Is the Long Tail Getting the Short End of the Stick?

By Kurt Cagle
July 5, 2008 | Comments: 8

The idea has gone from statistical curiosity to a deeply entrenched belief - especially in Silicon Valley: We are moving toward an economic state where it no longer becomes necessary to invest just in the top 1% of all ideas, but that instead an investor could create strategies using the web to take advantage of the statistical long tail - small niche markets (perhaps only one consumer deep) that in the aggregate can prove more lucrative than the blockbuster.

The Long Tail theory (which first appeared in a Wired article by Chris Anderson - later expanded to the book The Long Tail: Why the Future of Business is Selling Less of More in 2006 - has become in that interval nearly a mantra for small companies seeking venture capital or similar business funding. "Our strategy is to take advantage of the Long Tail by providing services to capture the broad range of niche markets through mass customization" has become almost boilerplate text in any high tech business proposal.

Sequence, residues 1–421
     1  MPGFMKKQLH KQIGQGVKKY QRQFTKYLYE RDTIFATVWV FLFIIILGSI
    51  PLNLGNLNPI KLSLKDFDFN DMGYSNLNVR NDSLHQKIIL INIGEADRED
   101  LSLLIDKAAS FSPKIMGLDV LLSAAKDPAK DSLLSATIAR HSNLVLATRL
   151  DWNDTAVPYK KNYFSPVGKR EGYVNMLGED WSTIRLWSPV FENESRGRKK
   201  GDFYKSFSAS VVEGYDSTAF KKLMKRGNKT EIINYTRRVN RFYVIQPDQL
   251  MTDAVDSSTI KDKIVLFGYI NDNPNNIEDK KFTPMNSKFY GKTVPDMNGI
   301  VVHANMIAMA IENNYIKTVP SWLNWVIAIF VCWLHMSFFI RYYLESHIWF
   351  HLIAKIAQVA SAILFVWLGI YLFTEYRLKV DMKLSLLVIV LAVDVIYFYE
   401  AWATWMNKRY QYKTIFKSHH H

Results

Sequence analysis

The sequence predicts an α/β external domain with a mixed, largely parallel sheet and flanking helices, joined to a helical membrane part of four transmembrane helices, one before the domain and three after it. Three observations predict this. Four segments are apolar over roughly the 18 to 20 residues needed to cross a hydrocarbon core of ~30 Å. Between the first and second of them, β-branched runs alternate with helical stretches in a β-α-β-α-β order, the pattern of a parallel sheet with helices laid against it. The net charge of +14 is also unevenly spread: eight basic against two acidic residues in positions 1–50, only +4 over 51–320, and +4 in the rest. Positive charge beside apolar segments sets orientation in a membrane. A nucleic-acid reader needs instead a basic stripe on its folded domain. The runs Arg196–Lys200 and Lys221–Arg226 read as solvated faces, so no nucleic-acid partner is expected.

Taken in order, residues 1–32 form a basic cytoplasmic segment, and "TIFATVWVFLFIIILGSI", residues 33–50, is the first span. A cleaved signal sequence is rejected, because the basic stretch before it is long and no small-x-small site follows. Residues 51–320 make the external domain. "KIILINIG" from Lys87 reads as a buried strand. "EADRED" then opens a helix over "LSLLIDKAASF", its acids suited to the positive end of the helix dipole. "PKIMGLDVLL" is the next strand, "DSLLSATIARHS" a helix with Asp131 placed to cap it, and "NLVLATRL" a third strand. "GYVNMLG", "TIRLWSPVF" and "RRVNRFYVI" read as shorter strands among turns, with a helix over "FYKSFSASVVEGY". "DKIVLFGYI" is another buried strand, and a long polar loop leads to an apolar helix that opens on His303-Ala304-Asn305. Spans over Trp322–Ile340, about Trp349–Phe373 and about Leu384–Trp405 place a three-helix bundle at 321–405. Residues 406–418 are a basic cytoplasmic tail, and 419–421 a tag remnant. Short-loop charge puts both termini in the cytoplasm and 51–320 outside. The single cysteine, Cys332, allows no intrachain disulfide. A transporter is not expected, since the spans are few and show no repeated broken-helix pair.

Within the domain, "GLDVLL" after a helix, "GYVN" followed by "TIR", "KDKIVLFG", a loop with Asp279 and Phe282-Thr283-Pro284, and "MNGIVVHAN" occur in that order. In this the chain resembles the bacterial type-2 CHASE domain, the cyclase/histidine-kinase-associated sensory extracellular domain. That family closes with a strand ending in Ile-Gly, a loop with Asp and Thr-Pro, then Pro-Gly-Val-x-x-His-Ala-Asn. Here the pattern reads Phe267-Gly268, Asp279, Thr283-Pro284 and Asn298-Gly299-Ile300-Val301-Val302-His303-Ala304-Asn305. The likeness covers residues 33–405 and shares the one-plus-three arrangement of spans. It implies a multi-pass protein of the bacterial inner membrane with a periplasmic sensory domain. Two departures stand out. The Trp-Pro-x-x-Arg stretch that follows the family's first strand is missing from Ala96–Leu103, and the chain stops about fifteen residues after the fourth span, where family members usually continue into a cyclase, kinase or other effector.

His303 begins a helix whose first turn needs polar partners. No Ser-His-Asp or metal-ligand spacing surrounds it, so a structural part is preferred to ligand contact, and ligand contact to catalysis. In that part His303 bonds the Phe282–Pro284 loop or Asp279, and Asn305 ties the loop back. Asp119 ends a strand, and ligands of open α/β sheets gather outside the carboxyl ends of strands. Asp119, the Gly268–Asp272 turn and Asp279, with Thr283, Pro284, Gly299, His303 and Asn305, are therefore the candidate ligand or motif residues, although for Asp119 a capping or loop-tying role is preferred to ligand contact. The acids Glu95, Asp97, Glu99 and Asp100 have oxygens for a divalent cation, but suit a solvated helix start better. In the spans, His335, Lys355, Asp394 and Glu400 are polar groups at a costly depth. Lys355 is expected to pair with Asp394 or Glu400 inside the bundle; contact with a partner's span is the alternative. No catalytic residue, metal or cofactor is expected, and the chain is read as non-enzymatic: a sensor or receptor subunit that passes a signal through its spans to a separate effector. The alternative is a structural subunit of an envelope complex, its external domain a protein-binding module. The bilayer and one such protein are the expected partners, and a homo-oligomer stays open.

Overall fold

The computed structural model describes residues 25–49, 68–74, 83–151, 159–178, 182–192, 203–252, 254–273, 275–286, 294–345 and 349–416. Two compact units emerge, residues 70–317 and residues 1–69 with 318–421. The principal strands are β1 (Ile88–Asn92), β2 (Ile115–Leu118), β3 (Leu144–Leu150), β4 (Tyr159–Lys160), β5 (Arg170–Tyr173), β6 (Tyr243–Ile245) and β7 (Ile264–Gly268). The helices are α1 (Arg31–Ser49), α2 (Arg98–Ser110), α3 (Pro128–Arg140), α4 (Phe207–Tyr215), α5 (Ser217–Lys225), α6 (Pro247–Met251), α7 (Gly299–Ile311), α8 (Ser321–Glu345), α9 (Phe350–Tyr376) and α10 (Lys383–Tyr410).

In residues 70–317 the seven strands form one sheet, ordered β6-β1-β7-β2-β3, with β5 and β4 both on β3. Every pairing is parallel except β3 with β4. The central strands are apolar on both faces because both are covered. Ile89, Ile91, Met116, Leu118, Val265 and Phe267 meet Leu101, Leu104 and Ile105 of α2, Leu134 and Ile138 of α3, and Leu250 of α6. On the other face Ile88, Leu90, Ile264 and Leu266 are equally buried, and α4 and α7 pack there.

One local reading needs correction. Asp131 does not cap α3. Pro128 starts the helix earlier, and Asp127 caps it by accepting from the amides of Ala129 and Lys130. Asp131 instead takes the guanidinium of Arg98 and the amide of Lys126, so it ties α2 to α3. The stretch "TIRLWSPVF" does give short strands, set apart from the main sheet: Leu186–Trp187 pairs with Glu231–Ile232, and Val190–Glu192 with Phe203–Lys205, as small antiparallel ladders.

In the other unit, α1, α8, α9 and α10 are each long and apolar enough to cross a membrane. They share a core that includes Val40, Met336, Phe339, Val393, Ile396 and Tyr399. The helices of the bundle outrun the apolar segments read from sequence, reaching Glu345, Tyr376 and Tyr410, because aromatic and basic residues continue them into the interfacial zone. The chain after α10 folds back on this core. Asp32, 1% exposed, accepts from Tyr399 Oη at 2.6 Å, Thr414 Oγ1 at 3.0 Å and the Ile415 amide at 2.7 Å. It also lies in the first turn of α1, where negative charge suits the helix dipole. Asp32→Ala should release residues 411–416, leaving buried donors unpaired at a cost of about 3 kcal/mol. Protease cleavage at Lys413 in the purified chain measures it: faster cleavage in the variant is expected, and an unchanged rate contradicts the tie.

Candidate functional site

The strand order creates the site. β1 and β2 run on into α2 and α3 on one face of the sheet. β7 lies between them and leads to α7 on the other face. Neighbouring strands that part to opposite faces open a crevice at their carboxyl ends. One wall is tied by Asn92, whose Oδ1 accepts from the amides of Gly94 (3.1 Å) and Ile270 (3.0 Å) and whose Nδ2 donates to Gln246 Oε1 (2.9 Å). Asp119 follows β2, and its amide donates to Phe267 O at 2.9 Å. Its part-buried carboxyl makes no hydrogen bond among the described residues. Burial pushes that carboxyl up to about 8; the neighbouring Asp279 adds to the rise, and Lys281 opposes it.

However, a recent report by Harvard Business School media analyst Anita Elberse has raised a number of significant questions about how viable this particular business model really is in a new web article Should You Invest in the Long Tail?. Anderson's basic thesis was that as the web has increased the availability of more obscure content (either that produced outside of traditional channels or that which was produced in the past and has largely disappeared from distribution) it has also made possible the notion that afficianados of particular genres, authors, musicians and so on could in fact take advantage of these new media and start consuming these products, giving them a second life and as such making them more profitable over time. His vision thus was that the long tail was becoming thicker over time, making blockbusters less important in the long scheme of things and ushering in an era where independent creators would reign supreme.